"Consciousness as Spontaneous Knowledge." In: Petr Glombicek & James Hill, eds., Essays on the Concept of Mind in Early-Modern Philosophy. Cambridge Scholars Publishing 2010, 7-27.
"What is Formal Ontology?" and "Occurrents." In: Katherine Munn & Barry Smith, eds., Applied Ontology: An Introduction. Ontos Verlag 2008, 39-56 and 255-284.
"Zeitliche Entitäten: Geschehnisse." In: Ludger Jansen, ed., Biomedizinische Ontologie. Zürich: VDF Hochschulverlag 2008, 127-154.
"Ghazali on Immaterial Substances." In: Christian Kanzian & Muhammad Legenhausen, eds., Substance and Attribute in Islamic Philosophy. Western and Islamic Tradition in Dialogue. Heusenstamm: Ontos Verlag 2007, 55-66.
"Social Facts Explained and Presupposed." In: Nikos Psarros & Katinka Schulte-Ostermann, eds., Facets of Sociality. Heusenstamm: Ontos Verlag 2006, 243-263.
"Holistic Arguments for Individualism." In: Georg Meggle, ed., Social Facts & Collective Intentionality. Frankfurt: Hänsel Hohenhausen 2002, 103-123.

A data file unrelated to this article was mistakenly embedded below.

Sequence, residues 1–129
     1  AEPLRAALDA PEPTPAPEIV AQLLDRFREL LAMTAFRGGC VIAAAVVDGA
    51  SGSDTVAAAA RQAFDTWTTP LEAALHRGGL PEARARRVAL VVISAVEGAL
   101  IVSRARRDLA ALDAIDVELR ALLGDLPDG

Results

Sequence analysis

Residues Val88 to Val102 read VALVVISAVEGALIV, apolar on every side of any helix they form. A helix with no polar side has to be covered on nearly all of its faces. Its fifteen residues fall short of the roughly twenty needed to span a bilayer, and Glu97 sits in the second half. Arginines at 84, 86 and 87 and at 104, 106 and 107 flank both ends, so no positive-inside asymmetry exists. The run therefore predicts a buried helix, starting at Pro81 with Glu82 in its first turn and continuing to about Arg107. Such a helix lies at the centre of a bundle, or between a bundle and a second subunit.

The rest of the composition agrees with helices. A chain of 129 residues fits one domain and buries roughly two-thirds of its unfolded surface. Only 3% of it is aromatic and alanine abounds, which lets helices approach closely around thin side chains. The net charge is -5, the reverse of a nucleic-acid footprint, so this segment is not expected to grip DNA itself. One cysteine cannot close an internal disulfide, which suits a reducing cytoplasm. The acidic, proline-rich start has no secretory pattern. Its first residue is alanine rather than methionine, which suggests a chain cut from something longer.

"Luhmann und die Formale Mathematik." In: P.-U. Merz Benz, G. Wagner, eds., Die Logik der Systeme. Konstanz: Universitätsverlag 2000, 157-198.
Stephan Schmid, Finalursachen in der frühen Neuzeit. HOPOS 3(1), 2013, p. 179-182.
Johannes Haag, Erfahrung und Gegenstand. Philosophischer Literaturanzeiger, Heft 3, 2007, p. 209-14.
"Disposition." Hans Jörg Sandkühler et al., ed., Enzyklopädie Philosophie, Hamburg: Meiner Verlag 2010.
The Four Causes
Gibt es eine Rehabilitation
der Cartesischen Psychologie?
Papers and Abstracts
According to Donald Baxter's Aspect Theory of Instantiation, a particular instantiates a universal when an aspect of the particular is also an aspect of the universal. According to an improved version of this account, this happens when the universal is an aspect of the particular.
I use Austin's distinction of two directions of fit in order to explain how a priori knowledge is possible.